Yesterday, Kevin Durant took to The Player’s Tribune to first-handedly announce his signing with the defending Western Conference champs, the Golden State Warriors, inking a two-year deal worth $54 million USD. KD leaves behind a stellar, albeit championship-less career in Oklahoma City, one that spanned eight seasons (plus one in Seattle), an MVP award, four scoring trophies, seven All-Star selections, and one conference title.
Durant has done just about everything for Oklahoma City, from creating a basketball culture literally out of nothing, to being the centerpiece in its rise to the top of the NBA. But the top has always been just out of reach for KD and the Thunder. During his tenure, OKC went 1-4 in the Western Conference finals, with that one win ending in a 4-1 lost to the Heatles in the 2012 NBA Finals.
There’s a common saying: “you should never leave a job/occupation until the opportunity of progress no longer exists.” At times, it’s obvious; other times, you have to follow your gut in determining your career’s future. It’s safe to assume that Kevin thinks he has hit the proverbial wall in Oklahoma and the best chance for attaining that one elusive accolade is joining the aforementioned wall, and signing with the GSW.
Whether or not this is the right move for everyone involved — we’re rooting for Russ — Nike is posed for a possible upheaval in market share, and at the expense of surging rival, Under Armour.
At times, it’s obvious, other times, you have to follow your gut or instinct in determining your career’s future.
Since the Wall Street Journal reported in January 2015 that Under Armour has officially overtaken adidas for the number two spot in the U.S. sportswear market, the Baltimore-based brand has experienced exponential growth accompanied by a healthy balance sheet. While it sponsors superstar athletes like Cam Newton, Bryce Harper, and others, much of UA’s success can be attributed to the unprecedented play of marksman point guard, Stephen Curry, and his likable, even relatable, personality.
With the best player on arguably the best team sporting its logo, Under Armour has become a household name all over the world, including the Chinese market where it is projecting $400 million USD in revenue for 2018, up from 2014’s $30 million USD. However UA has enjoyed this promotional ride without having to share the spotlight. With Klay Thompson wearing ANTA and Nike’s Draymond Green far from a marketable player, Under Armour has become the face of this dynasty, and subsequently the new NBA.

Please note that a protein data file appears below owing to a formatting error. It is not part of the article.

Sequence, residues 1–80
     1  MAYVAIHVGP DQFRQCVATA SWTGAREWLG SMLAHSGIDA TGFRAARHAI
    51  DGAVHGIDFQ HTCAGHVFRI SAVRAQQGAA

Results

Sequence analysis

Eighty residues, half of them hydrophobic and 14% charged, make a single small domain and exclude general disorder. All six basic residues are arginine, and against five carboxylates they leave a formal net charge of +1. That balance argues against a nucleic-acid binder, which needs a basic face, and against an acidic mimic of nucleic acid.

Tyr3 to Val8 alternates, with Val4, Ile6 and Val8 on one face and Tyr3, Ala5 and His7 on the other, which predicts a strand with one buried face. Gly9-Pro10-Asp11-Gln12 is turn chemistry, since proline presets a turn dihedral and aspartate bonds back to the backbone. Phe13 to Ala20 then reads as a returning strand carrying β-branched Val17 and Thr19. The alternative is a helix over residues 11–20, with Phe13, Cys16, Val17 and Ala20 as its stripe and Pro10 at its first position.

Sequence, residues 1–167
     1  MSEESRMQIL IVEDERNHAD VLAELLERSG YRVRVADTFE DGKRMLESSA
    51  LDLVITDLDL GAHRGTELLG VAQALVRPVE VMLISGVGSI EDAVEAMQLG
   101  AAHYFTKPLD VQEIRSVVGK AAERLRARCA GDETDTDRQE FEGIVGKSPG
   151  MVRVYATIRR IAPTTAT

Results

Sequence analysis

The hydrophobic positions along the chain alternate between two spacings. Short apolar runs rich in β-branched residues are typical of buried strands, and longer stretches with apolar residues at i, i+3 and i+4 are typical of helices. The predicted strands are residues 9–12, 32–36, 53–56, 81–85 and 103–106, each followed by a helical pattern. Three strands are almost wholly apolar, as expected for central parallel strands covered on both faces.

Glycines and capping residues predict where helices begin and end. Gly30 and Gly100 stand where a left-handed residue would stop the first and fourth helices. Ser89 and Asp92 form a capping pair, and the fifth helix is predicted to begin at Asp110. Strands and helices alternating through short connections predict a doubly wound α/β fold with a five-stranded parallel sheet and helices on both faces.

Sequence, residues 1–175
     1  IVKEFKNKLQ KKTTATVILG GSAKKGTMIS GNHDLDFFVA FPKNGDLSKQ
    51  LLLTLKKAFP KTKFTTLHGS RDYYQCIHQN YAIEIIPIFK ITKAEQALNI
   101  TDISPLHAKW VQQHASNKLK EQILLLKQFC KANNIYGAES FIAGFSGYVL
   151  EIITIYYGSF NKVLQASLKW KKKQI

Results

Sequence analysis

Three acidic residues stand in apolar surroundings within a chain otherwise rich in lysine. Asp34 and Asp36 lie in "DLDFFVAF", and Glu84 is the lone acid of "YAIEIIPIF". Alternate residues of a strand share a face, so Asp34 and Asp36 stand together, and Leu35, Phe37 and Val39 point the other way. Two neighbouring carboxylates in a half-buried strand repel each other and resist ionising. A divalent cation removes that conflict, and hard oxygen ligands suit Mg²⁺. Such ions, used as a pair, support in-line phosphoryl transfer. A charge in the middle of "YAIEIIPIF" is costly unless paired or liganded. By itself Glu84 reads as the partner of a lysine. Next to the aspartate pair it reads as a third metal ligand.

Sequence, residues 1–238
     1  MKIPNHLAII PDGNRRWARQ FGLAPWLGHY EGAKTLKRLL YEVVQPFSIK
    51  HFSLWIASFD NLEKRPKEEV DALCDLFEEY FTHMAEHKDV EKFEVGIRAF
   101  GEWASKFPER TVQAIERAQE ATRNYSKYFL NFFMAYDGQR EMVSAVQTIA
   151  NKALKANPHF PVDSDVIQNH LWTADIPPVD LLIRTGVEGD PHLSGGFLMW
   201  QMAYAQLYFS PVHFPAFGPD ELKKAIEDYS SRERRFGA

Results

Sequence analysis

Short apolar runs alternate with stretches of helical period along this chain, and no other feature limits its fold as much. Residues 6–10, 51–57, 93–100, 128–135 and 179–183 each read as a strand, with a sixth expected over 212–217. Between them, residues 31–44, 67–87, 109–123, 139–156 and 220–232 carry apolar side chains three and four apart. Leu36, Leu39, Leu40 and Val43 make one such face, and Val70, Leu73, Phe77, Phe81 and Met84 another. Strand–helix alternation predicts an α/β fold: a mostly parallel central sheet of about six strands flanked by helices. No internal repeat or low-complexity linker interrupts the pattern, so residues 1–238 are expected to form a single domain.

A month ago, we speculated why Nike wants Kevin Durant out of OKC. Once the rising star in the signature sneaker market, falling right behind LeBron James in early 2014, sales for KD’s line are down more than 50%, with Curry running away with the number two spot, hot on Bronny’s heels. The Swoosh knew if its superstar was to stay in OKC that growth for his brand would be tough, and would rely heavily on whether or not he can win a title there. However a move to a new city would be a welcomed facelift, one akin to LeBron’s exodus from and return to Cleveland.
So while Nike is certainly excited for Kevin Durant’s departure and soon-to-be resurrection, that excitement only multiplies knowing that it now has the opportunity to steal some spotlight from it’s biggest competitor, Under Armour.
There’s no doubt that Nike will be throwing marketing budgets towards Kevin’s signature line, especially now that Kobe has retired, likely touting the 27-year-old as the savior, the missing link in Golden State’s unsuccessful 2016 title run. UA will be doing the same, however its job will be to convince the world that Stephen Curry is the same player that won back-to-back MVP awards, and not the 28-year-old who had a mediocre playoff run this past year, and subsequently tainting his team’s record-breaking 73-win season.
This is not to say that Nike will be facing an uphill battle. Stephen Curry is a beloved superstar in a city that adores him, while Kevin Durant will have to prove a lot to himself and the Bay Area, doing it as the league’s newfound villain, similar to LeBron in 2010. Nevertheless, that won’t stop Nike from plastering his name around the city, from massive billboards to its industry leading retail experiences.
UA’s job will be to convince the world that Stephen Curry is the same player that won back-to-back MVP awards, and not the 28-year-old who had a mediocre playoff run this past year.
Even if Curry excels and leads GSW to a Larry O’Brien Trophy next season, Nike will be right there behind Under Armour, taking advantage of every team accomplishment and milestone, and with more money to burn.
While Under Armour and Nike have yet to comment on the move and how it relates to their competitor, NBA insider Adrian Wojnarowski confirmed the ‘Battle of the Bay’ on Twitter stating, “For Nike, this is a coup: It wanted to slow Under Armour’s momentum with Steph Curry and Warriors. Now, KD promises to impact Curry’s star.”
Lastly, and maybe this is the conspiracy theorist in us, but how will Tim Cook’s recent appointment to Nike’s board of directors impact this battle of sportswear brands in The Bay, if any? With Apple in Silicon Valley, which is in the southern portion of The Bay, will we see the tech giant coming to the aid of the Swoosh, and how would that partnership even happen?
There’s a lot of unanswered questions surrounding this move, but there’s no doubt that Under Armour stands to lose the most.